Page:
Knoll Timeline

Modern always. Explore 75 years of iconic Knoll design, from pioneering modernist vision to bold contemporary designs for home and office.


1920s

This year Knoll measures 75, but the company’s roots extend well into the creative and artistic fervor of the early 20th Century, at home and abroad. Explore this timeline to discover Knoll and its place in modern design history.

To set the scene: the Deutscher Werkbund, formed in 1907, was born out of the confusion and concern regarding the place of the artist in the second half of the 19th Century. The Bauhaus came soon after. Meanwhile, Hans Knoll, born in Stuttgart, Germany in 1914, is the second son of Walter Knoll, a successful second-generation furniture manufacturer. His grandfather, Wilhelm Knoll, founded the family business in 1865 and built a reputation for high-quality furniture. Walter and his brother, Wilhelm II, who followed the Werkbund movement closely, chose to redirect the business and create furniture for new modernist interiors. Hans would soon follow. Across the Atlantic, Florence Margaret Schust is born in Saginaw, Michigan, in 1917.

1919 - 1933 The Bauhaus

Walter Gropius founds the Bauhaus School in Weimar, Germany. Gropius, an active member of the Deutscher Werkbund, conceives the Bauhaus as an institution dedicated to uniting the fields of art, design and industry in order to elevate the quality of mass production and advance social order in post-war Germany.

[+] The Bauhaus’ influence on the world of architecture remains immense. One of its most famous members and its final director Ludwig Mies van der Rohe, once said “the Bauhaus was not an institution with a clear program — it was an idea…The fact that it was an idea,” he believed, “is the cause of the enormous influence the Bauhaus had on every progressive school around the globe. You cannot do that with organization, you cannot do that with propaganda. Only an idea spreads so far…” This idea and the associated belief in the confluence of art and industry greatly affected Hans Knoll and likewise inspired him to help bring modernism, through furniture, to America.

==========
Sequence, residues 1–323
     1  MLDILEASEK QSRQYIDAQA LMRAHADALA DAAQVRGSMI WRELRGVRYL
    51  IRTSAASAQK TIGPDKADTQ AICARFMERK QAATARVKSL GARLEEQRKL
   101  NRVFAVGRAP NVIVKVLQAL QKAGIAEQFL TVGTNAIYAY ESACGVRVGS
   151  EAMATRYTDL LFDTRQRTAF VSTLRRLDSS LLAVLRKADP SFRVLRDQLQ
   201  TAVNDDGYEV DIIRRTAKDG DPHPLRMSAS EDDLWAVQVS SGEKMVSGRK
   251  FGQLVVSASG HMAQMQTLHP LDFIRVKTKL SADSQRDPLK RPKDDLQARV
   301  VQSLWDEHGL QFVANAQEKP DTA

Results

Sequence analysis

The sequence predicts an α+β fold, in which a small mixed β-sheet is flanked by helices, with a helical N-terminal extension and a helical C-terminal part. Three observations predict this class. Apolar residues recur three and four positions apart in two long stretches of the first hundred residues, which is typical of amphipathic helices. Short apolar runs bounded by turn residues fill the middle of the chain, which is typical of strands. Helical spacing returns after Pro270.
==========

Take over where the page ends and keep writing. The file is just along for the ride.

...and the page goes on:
1925 The Wassily Chair

At the Bauhaus, 23-year-old Marcel Breuer — inspired by bicycle construction and informed by the techniques of local plumbers — revolutionizes the world of furniture design with his experiments in tubular steel. The results are the Laccio Tables and the Wassily Chair — named after Breuer’s friend Wassily Kandinsky, the first person to whom he showed the chair. 

[+] While they are now heralded in the history of modern furniture, Breuer’s chairs were not universally appreciated at first. Breuer later recalled, “It was so revolutionary at the time. The Wassily was so new. It is difficult to imagine today. People had jumped on it in exhibition to destroy it. They thought the whole world was going to end now with this furniture.” LEARN MORE

1926 The Bauhaus in Dessau

Under rising political pressure, the Bauhaus is forced out of Weimar in 1925 after funding support is withdrawn. Gropius moves the school to Dessau , Germany where a sympathetic socialist mayor allows him to continue operating. In Dessau, Gropius is able to design a new facility to house the school. The resulting building, completed in 1926, epitomizes Gropius’ architectural theories and is regarded as one of his finest projects.

1927 The Weissenhof Development

The Deutscher Werkbund mounts Die Wohnung (The dwelling) in Stuttgart. The exhibition, includes the Weissenhof Siedlung, an estate featuring buildings by leading modernists . Walter Knoll, who had befriended Ludwig Mies van der Rohe (the Siedlung’s appointed organizer) and Walter Gropius, provides furniture for the exhibition.

 

[+] The exhibition featured buildings designed by Peter Behrens, Walter Gropius, Le Corbusier, Ludwig Hilberseimer, and Mies. The collection of buildings shown at the Weissenhof exhibit is remembered as the first display of the International Style, a term later coined by Phillip Johnson and Henry Russell-Hitchcock to describe the modernist aesthetic in their book that followed the 1932 Modern Architecture: An International Exhibition at The Museum of Modern Art, New York.

1927 Mies, Haus Lange, and Tubular Steel

Ludwig Mies van der Rohe and interior designer Lilly Reich design a collection of lounge furniture as part of their design for the Lange residence in Krefeld, Germany. At this time, Mies also designs his first tubular steel furniture — a side table and chair later known as the MR Series. Both the Krefeld designs and the MR Series would later be produced by Knoll.

1928 The Cesca Chair

While teaching carpentry at the Bauhaus, Marcel Breuer continues to experiment with tubular steel. As a complement to his Wassily Lounge and Laccio Tables he develops the Cesca chair, a simple design that would become an icon of the modern movement. 

1929 The Barcelona Pavilion

Mies van der Rohe is selected to design the German Pavilion for the 1929 Industrial Exposition in Barcelona. Mies includes newly-designed chairs and stools conceived specifically for the King and Queen of Spain — the Barcelona Chairs.

[+] Although it only stood for seven months, the Barcelona Pavilion, as it is now called, is recognized as one of the great achievements in modern architecture, as are the Barcelona Chairs. A group of Spanish Architects used original photographs and an approximate floor plan to recreate the famous structure in 1986. 

Image: Architecture & Design Study Center, The Museum of Modern Art, New York


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